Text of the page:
An interview with John Paparrizos: Hunting early signs of pancreatic cancer in web searches


With few warning signs and no screening test, pancreatic cancer is usually not diagnosed until it is well advanced; 75% of pancreatic cancer patients die within a year of a diagnosis. The prognosis improves if the disease is caught early, but the cancer’s nonspecific symptoms (bloating, abdominal or back pain) are not initially concerning. Doctors will want to rule out more likely diseases first before ordering expensive lab tests; adding to the difficulty, doctors often lack a full medical history for patients they see only intermittently or even for the first time and patients may have visited other doctors or facilities. Doctors in other words have very little data to go on.

Search engines however collect a great deal of data, and as more people turn to the web for health-related information, they are constructing a deep and broad data set of medical histories that may contain clues as to how diseases emerge.

In a study started last summer, researchers Eric Horvitz and Ryen White of Microsoft, both recognized experts in the field of information retrieval, along with Columbia PhD student John Paparizzos looked through 18 months of US Bing search data to see if they could detect patterns of symptoms in pancreatic cancer before people were diagnosed with the disease. In 5–15% of such cases, they could, and with extremely few false positives (as low as 1 in 100,000).

A paper detailing their results was the August 2016 cover article for The Journal of Oncology Practice and widely covered in the popular press. In this interview, John Paparizzos discusses the methodology behind those results and more recent work presented at KDD in August.

John Paparizzos,
CS PhD student
(advisor Luis Gravano)

How did you know what users had been diagnosed with pancreatic cancer?

We were very careful. We looked for people whose first-person searches indicated they had the disease: “I was just diagnosed with pancreatic cancer,” “why did I get cancer in pancreas,” and “I was told I have pancreatic cancer what to expect.” We then worked backward in time through previous searches made by these people to see if they had previously searched for symptoms associated with the disease—bloating or abdominal discomfort, unexplained weight loss, yellowing skin. From 9.2 million users with searches relevant to pancreatic cancer disease and symptoms, we focused on 3203 cases matching the diagnostic pattern.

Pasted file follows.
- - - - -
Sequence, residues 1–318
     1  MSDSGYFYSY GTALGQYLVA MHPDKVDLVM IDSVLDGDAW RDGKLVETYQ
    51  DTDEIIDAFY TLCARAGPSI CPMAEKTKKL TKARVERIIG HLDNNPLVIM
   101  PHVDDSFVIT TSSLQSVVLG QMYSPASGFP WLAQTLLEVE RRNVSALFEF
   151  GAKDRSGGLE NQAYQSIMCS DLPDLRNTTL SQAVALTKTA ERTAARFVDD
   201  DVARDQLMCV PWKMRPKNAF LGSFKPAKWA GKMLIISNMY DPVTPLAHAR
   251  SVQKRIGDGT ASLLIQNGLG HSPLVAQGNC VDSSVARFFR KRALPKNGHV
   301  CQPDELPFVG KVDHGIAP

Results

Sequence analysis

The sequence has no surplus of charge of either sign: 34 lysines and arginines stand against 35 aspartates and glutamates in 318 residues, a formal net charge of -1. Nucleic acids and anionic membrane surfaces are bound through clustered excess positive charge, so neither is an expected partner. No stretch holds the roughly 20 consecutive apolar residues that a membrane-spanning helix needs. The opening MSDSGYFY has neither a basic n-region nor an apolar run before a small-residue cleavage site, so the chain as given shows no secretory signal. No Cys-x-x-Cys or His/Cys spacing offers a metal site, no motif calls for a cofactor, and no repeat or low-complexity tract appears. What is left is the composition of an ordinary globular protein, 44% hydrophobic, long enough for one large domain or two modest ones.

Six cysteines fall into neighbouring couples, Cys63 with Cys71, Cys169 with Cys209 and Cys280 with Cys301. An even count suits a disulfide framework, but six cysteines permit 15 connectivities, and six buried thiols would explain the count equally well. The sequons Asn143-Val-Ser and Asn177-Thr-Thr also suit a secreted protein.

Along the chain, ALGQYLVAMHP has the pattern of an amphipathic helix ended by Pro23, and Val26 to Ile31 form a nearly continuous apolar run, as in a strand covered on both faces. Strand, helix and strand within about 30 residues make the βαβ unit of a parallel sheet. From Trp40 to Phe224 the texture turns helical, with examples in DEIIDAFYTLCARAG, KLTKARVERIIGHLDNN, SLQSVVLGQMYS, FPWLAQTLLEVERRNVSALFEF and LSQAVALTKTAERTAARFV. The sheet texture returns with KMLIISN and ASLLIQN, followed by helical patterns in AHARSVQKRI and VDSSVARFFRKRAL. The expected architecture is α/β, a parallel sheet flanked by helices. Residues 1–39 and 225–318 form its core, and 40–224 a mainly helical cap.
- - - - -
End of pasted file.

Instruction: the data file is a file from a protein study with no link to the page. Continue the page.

It’s important to point out that this data was completely anonymized. Users were identified through a unique ID; we had no names or personal information about them. Just search queries.

You study computer science. How did you come to work on a medical problem?

Before starting an internship last summer at Microsoft, I talked by phone with Eric and Ryen on possible projects. They have spent several years studying how people search online, particularly how people use the web for health purposes. The idea this time was to do some type of prediction through analysis of patients’ query logs over time for a specific disease. Pancreatic cancer was a good candidate; it’s a fast-developing cancer with few overt symptoms. Search logs could conceivably provide early warning of the disease, something that doesn’t exist now.

My particular focus was to develop an approach to capture characteristics over time in the user behavior—as expressed in search query logs—that would discriminate users as early as possible to those who might experience pancreatic cancer and those who simply explore pancreatic cancer.

Since human web searches contain a lot of noise, we spent a great deal of time cleaning and annotating data before inputting it into classifiers that separate out the true signals. We excluded searches where people were looking up symptoms for general knowledge or on the behalf of someone else. We excluded idiomatic phrases that might get mistaken for real symptoms, like “I’m sick of hearing about the Kardashians.” Particular to this problem were queries generated by Steve Jobs’s death from pancreatic cancer.

Was this the first time you had worked with medical data?

Yes. It was new to me and it required learning about the disease of pancreatic cancer and its symptoms, which were all described differently also. Medical records are usually clean, formatted in templates, and reflect the precise vocabulary of doctors working in the field, but people will describe those symptoms in very different terms, even using slang. We had to do a two-level ontology of terms for symptoms and their synonyms.